In September, President Obama said the administration would develop a U.S. National Action Plan (NAP) to promote responsible business conduct abroad consistent with the United Nations Guiding Principles on Business and Human Rights.
As part of the consultative process leading up to the development of the action plan, U.S. officials will attend a series of open dialogues hosted by independent organizations where stakeholders can provide input on the NAP process and content.
USCIB and New York University’s Stern School of Business hosted the first event in this series on December 15 on the NYU campus.
Ambassador Elizabeth Cousens, U.S. Representative to the UN Economic and Social Council, speaking at the NAP dialogue on December 15 at NYU Stern’s campus.
U.S. government representatives from the Department of Labor, Department of State and the U.S. Mission to the United Nations came together at the open dialogue to gather input from the private sector and other stakeholders that promote respect for human rights internationally.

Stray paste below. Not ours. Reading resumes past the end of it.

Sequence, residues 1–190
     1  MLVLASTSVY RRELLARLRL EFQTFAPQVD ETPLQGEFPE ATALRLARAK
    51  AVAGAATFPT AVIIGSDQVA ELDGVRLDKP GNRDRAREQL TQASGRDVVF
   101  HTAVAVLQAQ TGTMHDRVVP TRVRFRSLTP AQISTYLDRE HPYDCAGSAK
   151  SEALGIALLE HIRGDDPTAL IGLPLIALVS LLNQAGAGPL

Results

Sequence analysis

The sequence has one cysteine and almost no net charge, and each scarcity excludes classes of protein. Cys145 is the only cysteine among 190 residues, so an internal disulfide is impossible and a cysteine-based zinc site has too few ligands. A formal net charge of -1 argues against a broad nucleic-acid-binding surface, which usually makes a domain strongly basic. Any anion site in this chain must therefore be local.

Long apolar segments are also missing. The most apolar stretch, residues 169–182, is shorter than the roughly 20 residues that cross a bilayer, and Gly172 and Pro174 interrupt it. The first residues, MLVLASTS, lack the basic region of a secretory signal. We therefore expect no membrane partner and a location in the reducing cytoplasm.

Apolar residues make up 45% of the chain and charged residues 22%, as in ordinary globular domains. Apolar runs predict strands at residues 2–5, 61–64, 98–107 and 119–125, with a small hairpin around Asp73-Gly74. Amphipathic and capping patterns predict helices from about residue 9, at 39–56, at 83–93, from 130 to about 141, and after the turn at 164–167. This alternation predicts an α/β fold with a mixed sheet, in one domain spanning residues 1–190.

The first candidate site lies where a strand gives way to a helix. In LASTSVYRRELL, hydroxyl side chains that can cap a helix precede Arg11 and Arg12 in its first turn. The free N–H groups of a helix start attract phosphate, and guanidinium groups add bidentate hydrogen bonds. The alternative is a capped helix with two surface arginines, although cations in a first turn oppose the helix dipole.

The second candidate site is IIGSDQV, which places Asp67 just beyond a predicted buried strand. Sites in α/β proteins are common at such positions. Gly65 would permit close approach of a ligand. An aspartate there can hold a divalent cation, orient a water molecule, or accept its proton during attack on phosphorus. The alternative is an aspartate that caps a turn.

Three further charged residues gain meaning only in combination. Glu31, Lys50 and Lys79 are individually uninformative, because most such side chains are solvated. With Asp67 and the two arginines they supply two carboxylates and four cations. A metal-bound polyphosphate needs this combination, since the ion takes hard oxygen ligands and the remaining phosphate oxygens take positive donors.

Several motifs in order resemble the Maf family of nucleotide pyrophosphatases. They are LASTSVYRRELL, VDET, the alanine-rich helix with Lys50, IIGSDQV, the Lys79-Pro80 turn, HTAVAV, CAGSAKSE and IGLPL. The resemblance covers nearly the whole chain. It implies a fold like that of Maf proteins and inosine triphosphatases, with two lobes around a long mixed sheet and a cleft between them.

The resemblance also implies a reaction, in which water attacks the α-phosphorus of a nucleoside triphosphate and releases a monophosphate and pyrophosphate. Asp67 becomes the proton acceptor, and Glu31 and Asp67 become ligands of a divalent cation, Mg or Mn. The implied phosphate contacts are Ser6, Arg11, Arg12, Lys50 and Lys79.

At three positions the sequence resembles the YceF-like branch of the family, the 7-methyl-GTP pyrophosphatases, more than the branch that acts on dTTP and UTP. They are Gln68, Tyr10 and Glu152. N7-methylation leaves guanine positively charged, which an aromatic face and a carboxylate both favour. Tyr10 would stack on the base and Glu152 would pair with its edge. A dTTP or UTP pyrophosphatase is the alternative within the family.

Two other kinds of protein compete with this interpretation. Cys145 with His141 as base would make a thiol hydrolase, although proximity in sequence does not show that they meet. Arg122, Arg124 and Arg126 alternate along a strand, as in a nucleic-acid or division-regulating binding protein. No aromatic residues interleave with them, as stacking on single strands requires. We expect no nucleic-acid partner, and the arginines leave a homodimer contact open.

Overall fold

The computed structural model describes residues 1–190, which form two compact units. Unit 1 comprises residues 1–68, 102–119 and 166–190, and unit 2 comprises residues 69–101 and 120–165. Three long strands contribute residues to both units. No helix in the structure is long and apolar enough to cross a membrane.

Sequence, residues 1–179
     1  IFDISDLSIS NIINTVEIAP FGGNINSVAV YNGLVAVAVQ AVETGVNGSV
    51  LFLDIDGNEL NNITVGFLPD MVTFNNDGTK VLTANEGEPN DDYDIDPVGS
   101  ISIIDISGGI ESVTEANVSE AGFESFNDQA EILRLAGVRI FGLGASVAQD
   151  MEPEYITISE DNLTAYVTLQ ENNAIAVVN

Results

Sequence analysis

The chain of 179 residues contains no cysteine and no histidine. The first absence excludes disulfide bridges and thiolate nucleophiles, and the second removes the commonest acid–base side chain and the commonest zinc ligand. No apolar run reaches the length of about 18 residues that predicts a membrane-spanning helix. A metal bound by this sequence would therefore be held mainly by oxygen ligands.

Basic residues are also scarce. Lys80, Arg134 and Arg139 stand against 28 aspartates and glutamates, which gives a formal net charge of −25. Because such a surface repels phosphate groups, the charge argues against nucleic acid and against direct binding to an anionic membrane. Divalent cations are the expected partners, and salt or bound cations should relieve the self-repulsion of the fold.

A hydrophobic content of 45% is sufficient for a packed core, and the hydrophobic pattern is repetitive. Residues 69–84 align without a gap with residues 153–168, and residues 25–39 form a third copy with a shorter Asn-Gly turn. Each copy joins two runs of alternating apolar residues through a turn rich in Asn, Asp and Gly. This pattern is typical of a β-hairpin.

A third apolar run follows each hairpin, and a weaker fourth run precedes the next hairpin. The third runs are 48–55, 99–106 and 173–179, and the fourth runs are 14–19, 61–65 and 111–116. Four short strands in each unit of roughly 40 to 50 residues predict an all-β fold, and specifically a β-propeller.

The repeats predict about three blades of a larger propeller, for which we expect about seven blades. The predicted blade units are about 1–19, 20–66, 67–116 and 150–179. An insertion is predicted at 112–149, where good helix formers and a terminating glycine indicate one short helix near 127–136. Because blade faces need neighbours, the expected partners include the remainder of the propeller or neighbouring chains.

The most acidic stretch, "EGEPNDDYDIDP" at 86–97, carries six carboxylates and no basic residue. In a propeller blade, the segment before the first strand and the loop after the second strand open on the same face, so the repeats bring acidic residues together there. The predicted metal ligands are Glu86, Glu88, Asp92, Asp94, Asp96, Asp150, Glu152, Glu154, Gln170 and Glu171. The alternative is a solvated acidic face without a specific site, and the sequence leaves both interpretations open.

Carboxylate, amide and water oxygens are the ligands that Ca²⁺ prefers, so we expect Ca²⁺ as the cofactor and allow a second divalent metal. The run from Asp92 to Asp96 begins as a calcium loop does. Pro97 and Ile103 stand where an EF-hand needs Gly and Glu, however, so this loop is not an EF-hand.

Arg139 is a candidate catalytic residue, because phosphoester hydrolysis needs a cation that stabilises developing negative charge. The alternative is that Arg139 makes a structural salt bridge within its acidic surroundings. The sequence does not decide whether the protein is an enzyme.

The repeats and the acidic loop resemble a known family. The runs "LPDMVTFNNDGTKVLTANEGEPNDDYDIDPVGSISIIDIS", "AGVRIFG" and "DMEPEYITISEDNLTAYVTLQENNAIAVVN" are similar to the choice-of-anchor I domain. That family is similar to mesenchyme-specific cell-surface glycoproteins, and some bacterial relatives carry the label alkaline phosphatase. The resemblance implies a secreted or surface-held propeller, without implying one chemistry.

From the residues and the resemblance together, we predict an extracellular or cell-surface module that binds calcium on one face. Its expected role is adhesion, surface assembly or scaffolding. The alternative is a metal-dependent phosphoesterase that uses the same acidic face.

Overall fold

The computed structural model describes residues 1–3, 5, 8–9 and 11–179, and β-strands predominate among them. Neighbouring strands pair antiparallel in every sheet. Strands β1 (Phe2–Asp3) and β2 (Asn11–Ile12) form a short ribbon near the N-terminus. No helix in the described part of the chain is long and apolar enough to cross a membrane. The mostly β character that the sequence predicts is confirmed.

“There is in fact a huge new appreciation for the role of the private sector and business generally,” said Ambassador Elizabeth Cousens, U.S. Representative to the UN Economic and Social Council. “And what business can do, together with communities and civil society, to contribute to development and human rights.”
The dialogue began with a plenary session, where Ariel Meyerstein, USCIB’s vice president for labor affairs, corporate responsibility and corporate governance, moderated a panel with representatives from the State and Labor Departments on the development of the U.S. National Action Plan. The plenary was followed by small workshop discussions on a range of topics related to responsible business conduct.
The NAP will aim to unify government efforts in promoting best practices in the areas of human rights, labor rights, corruption and transparency abroad, with clear and predictable guidelines.